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16 Sep 2015

The Middle East and North Africa - Annual Report 2012

One year on from the Arab uprisings, the historic events of 2012 look no less extraordinary by comparison. New governments took office after landmark sets of elections in Egypt, Tunisia, and Libya but often struggled with the difficult political and economic challenges they faced whilst engaging simultaneously in institutional struggles with opposition. Across other parts of the region too, communities continued to be politically active in the streets. In the short-term this political situation has served in many cases to exacerbate some of the underlying socioeconomic problems that led to the uprisings in the region, including high rates of youth unemployment; persistent fiscal deficits and an inability for the public sector to absorb new labour market entrants; trade deficits and worsening balances of payments; and, in some cases, stagflation.

Tragically, elsewhere in the region, previously acute humanitarian emergencies continued to develop into larger-scale, critical humanitarian crises. Ongoing conflicts in Yemen, combined with recurrent drought and high levels of poverty, continued to create displacement, hunger and barriers to accessing basic services. The conflict in Syrian Arab Republic continued to deepen into a regional crisis, with hundreds of thousands of displaced spilling over the border into Turkey, Lebanon, Jordan, and Iraq. Millions of Syrians inside the country need humanitarian assistance, including many women and children, and other vulnerable populations such as migrant workers and refugees were thrown into more desperate situations.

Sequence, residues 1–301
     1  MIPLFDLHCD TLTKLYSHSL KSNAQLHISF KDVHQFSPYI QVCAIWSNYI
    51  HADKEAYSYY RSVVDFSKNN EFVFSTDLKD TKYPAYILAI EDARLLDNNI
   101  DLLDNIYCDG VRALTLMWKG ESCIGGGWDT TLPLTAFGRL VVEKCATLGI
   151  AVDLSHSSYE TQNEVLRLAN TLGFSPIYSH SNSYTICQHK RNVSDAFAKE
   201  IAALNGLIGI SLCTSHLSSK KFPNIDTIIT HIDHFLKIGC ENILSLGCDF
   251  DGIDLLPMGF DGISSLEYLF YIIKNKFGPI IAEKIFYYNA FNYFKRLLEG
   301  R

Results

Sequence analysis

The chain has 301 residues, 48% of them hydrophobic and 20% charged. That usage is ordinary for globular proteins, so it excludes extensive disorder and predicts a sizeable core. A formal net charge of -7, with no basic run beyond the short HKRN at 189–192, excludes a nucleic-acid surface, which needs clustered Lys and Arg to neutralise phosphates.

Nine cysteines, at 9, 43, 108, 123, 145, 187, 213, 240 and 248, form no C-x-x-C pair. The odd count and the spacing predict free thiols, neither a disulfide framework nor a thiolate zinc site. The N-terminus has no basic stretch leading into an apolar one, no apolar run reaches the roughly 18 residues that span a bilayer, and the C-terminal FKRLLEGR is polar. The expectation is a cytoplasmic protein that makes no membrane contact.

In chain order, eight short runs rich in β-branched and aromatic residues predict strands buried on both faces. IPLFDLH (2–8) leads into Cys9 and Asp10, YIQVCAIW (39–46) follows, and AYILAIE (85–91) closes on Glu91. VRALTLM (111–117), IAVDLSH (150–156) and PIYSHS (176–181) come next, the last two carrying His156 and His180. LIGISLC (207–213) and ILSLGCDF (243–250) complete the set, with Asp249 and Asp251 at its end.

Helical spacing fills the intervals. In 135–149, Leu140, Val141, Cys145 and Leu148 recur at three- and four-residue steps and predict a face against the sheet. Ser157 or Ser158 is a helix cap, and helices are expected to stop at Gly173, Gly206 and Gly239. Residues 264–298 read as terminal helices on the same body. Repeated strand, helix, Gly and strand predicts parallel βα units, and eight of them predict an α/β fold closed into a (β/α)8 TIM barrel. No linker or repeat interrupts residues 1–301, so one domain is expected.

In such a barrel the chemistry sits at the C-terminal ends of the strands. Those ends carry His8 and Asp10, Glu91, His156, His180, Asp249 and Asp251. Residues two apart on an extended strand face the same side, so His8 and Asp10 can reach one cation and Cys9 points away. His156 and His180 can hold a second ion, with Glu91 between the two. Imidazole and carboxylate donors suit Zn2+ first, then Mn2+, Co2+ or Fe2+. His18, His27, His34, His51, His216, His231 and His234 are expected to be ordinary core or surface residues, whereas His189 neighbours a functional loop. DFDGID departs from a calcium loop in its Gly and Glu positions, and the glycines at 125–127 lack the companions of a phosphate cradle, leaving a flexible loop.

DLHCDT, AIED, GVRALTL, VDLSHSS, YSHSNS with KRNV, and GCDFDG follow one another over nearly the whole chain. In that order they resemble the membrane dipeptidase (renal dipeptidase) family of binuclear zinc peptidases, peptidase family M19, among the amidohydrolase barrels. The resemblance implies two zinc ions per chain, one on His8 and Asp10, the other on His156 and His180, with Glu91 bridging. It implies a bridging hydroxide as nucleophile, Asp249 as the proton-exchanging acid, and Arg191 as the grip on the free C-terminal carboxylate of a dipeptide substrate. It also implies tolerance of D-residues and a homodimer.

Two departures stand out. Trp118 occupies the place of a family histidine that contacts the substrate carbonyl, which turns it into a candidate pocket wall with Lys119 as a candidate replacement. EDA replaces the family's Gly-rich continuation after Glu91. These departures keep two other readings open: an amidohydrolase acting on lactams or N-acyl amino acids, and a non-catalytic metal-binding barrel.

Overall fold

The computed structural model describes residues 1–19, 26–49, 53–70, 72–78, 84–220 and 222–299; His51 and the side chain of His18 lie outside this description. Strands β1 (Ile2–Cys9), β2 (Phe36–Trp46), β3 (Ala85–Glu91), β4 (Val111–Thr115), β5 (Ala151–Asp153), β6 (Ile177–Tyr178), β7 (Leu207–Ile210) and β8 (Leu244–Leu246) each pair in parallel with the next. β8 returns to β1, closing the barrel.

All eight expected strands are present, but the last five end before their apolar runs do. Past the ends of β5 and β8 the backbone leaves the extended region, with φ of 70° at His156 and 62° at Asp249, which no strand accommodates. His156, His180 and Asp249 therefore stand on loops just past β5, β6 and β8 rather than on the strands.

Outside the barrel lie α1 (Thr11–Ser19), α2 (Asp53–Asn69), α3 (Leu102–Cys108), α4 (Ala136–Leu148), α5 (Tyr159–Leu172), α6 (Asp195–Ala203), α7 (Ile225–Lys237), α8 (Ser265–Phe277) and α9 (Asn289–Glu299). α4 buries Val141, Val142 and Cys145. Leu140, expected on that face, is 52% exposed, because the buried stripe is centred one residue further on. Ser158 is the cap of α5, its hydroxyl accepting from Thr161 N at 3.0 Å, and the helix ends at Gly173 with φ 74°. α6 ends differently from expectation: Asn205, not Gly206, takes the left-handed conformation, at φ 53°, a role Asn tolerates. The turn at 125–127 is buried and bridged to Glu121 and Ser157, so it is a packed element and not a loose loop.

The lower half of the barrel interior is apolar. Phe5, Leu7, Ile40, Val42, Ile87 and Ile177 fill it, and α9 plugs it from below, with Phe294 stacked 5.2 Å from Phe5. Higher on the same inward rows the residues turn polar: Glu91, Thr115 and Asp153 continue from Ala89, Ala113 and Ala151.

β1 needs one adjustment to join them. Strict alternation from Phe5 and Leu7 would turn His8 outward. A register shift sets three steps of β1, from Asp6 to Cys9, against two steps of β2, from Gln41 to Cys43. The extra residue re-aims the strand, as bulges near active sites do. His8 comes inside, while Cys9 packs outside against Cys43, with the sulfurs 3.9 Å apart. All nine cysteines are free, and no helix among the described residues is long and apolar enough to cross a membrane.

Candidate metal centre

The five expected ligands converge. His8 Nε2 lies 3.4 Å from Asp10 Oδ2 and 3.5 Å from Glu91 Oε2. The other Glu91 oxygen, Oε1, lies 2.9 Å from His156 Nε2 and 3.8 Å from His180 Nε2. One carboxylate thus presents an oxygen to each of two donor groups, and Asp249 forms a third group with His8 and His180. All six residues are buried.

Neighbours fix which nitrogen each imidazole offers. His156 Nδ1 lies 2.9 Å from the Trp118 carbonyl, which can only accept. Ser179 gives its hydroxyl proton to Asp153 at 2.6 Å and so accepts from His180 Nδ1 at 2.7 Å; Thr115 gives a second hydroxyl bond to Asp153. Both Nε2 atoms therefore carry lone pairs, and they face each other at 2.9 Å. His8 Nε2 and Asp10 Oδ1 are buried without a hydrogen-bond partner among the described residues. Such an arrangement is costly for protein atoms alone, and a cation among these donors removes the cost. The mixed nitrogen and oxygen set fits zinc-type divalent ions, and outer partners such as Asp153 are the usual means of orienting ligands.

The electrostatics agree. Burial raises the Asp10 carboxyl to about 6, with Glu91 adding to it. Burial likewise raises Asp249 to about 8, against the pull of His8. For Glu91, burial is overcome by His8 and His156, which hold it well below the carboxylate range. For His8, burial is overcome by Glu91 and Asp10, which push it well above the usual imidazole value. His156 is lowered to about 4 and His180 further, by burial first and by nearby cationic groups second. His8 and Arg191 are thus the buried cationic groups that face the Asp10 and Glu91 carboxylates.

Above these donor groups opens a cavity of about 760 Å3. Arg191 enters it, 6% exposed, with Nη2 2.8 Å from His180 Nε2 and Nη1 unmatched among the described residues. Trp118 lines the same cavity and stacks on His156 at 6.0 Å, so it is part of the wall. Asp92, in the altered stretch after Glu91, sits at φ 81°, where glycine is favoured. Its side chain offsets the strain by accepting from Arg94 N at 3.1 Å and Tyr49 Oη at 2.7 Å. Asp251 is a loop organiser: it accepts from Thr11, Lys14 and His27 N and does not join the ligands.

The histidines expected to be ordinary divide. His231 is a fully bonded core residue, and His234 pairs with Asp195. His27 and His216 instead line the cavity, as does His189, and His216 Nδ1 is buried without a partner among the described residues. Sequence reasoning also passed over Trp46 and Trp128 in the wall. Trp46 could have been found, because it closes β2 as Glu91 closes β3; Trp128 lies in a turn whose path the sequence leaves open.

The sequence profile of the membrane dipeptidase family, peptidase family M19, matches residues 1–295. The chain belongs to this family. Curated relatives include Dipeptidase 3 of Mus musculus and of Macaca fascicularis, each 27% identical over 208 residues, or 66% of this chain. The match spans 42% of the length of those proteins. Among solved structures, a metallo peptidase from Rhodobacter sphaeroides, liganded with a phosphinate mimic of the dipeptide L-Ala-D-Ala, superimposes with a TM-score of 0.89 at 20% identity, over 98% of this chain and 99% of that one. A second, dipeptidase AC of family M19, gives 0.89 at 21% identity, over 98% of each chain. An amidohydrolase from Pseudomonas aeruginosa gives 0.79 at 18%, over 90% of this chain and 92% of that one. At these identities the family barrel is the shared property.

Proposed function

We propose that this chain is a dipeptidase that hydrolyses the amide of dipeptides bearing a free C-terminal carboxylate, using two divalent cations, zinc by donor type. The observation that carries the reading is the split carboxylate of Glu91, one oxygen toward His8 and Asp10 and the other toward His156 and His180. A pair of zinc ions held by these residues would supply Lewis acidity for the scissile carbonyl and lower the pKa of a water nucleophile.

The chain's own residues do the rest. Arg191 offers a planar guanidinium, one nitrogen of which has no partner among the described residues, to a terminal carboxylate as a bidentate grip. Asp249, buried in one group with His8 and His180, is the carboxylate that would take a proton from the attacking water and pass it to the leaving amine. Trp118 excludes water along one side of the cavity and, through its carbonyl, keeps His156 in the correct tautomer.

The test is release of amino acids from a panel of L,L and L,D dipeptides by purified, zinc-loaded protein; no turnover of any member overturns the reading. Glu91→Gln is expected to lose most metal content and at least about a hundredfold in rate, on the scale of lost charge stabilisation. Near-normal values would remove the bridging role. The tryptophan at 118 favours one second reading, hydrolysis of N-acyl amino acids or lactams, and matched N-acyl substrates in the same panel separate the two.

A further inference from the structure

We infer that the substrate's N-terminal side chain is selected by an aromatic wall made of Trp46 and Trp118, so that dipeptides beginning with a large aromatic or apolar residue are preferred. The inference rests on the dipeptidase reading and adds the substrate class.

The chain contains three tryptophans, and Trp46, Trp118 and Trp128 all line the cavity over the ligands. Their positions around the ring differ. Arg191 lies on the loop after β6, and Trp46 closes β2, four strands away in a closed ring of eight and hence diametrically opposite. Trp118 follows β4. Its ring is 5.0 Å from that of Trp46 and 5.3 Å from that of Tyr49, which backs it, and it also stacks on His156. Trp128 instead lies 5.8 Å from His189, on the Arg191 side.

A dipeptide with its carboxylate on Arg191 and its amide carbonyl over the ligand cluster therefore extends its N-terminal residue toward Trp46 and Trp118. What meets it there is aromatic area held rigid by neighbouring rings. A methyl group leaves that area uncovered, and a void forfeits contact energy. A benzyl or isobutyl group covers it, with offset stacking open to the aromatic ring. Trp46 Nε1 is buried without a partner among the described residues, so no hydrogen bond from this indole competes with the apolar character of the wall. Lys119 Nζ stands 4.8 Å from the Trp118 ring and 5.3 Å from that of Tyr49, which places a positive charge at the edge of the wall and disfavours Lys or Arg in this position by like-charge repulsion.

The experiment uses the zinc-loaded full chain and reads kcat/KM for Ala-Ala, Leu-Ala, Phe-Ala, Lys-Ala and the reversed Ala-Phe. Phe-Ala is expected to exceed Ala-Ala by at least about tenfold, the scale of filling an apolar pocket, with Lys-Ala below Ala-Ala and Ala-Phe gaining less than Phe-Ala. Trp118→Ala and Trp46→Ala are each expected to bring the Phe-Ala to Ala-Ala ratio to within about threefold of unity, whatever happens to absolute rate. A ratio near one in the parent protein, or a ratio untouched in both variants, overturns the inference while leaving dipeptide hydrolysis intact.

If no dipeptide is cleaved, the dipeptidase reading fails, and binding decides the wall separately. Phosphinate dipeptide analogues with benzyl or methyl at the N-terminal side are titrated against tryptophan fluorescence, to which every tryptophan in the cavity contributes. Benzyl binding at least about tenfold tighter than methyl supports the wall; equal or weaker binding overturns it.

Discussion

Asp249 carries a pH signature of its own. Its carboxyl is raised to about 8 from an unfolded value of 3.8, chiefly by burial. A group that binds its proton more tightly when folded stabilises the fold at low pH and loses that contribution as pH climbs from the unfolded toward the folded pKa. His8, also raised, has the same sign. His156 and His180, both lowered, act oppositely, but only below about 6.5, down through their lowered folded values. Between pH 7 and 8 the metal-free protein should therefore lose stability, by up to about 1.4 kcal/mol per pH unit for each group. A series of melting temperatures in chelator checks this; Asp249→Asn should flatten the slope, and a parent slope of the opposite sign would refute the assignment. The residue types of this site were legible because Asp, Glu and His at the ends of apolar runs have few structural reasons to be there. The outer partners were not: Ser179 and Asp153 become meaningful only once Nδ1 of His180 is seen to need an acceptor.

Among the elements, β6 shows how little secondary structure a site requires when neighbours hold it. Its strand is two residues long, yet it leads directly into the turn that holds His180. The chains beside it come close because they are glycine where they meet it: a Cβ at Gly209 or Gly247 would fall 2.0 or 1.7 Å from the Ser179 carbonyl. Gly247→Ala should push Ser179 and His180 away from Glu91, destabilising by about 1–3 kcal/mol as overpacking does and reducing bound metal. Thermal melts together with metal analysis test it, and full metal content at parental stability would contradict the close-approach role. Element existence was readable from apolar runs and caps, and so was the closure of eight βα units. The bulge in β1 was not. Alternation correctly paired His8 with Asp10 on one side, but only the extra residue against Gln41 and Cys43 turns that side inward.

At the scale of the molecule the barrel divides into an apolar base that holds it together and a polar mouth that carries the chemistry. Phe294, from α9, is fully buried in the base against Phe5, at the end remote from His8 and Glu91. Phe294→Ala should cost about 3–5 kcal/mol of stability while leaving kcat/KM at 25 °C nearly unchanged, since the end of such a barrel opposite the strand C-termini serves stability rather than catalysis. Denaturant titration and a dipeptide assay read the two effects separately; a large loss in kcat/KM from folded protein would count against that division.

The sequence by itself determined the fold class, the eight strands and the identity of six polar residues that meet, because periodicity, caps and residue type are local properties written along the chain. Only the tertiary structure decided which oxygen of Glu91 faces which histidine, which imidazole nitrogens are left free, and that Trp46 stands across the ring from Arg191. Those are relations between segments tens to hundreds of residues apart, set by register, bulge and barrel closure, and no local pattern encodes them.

This year’s report presents eight areas of strategic priority for IOM’s work to meet the needs of the region in this challenging context. It is our sincere hope that by continuing our long-term work to enhance migration management as well as migrant support and continuing to coordinate with our partners to address urgent humanitarian needs, IOM will help to maximize the positive impact of migration to, from and within the region, and contribute to a safer migration experience for those who leave their homes to make a better life for themselves and their families.

  • Foreword
  • IOM in brief
  1. Addressing youth employment and protecting minors
  2. Making migration work for development
  3. Addressing complex migration flows and upholding the rights of migrants
  4. Protecting migrant workers against exploitation and human trafficking
  5. Responding to the Syria crisis
  6. Supporting countries in transition
  7. Providing humanitarian assistance and durable solutions for IDPs, refugees, and migrants
  8. Promoting regular migration and effective border management with an integrated border management approach
  • Key statistics for IOM’s activities in the Middle East and North Africa for 2012